Biting among toddlers and twos: responses to try, K Stephens

Tags: frustration, group care, Karen Stephens, child bites, Anne Stonehouse, children biting, Toddlers, twos, Random House, children, Alicia F. Fieberman, biting, bite, Redleaf Press, Childhood Program, Jim Greenman, St. Paul, MN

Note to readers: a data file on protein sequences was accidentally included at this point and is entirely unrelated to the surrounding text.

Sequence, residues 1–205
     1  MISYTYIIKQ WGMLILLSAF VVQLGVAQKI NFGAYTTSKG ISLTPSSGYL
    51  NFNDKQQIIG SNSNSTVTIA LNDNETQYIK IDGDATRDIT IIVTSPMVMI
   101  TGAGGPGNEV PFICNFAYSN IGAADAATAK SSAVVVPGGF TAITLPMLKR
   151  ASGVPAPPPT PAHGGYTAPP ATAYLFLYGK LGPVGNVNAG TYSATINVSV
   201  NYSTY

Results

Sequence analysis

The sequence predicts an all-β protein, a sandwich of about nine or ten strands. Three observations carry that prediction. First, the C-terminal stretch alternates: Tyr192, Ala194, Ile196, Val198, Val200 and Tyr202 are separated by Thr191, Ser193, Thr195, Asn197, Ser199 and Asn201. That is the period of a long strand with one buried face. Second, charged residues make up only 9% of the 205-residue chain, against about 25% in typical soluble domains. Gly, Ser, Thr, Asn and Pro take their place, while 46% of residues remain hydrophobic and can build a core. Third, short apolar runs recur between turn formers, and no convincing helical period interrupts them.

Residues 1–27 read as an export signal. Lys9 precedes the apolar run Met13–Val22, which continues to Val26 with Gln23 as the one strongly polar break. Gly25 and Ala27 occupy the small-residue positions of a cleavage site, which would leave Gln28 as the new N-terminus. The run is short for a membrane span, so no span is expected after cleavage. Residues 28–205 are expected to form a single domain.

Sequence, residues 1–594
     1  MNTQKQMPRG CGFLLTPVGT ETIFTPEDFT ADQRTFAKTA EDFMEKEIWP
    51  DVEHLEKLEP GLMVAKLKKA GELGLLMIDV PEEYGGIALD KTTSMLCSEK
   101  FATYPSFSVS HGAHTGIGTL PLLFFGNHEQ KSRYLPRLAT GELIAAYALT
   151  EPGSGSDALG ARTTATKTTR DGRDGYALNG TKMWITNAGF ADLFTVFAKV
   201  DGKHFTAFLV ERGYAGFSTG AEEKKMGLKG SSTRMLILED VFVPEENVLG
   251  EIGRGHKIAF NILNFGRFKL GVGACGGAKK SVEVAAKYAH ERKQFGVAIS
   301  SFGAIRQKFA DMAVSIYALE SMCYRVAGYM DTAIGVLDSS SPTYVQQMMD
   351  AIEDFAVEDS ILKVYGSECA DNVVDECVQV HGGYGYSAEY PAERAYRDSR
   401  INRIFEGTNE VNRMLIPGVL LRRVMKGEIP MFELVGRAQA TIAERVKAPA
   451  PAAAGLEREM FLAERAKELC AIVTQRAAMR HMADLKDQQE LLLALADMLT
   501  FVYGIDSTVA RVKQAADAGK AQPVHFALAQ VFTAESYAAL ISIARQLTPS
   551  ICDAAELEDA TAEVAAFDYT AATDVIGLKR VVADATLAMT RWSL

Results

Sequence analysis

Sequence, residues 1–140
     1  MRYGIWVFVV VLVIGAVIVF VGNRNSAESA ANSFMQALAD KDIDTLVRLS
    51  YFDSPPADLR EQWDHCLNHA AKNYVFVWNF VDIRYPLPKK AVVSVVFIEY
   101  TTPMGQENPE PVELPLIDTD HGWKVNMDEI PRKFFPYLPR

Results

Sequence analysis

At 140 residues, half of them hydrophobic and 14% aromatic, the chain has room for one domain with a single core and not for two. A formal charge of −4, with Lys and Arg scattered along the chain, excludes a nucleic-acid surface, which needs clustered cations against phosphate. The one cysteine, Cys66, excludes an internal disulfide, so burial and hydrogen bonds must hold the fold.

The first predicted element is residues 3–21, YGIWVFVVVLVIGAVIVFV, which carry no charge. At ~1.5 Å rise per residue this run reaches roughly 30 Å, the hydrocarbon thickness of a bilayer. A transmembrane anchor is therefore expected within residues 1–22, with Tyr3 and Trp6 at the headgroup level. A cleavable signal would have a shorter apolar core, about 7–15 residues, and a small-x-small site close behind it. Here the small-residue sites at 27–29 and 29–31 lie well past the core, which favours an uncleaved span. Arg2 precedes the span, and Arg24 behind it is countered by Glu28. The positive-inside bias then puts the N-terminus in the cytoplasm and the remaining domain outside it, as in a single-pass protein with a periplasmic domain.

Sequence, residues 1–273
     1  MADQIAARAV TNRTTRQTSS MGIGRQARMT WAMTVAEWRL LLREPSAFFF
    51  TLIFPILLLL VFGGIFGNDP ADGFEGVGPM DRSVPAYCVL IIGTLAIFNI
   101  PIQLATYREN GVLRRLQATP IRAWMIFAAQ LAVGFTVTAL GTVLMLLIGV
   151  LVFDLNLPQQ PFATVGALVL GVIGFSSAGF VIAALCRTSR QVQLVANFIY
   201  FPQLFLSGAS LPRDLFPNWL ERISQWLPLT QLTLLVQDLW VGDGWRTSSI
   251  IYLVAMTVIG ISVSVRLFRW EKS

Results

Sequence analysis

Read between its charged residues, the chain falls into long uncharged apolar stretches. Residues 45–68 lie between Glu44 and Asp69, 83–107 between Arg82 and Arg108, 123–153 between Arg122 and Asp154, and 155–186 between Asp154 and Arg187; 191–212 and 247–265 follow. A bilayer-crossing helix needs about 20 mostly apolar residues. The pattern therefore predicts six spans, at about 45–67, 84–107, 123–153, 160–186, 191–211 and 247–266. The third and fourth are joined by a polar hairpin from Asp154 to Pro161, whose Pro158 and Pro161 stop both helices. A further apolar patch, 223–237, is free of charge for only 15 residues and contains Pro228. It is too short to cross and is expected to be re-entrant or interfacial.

Content: by Karen Stephens Never emotionally abandon a child who has bitten by punishing with cold rejection, withholding love, or refusing to comfort and forgive.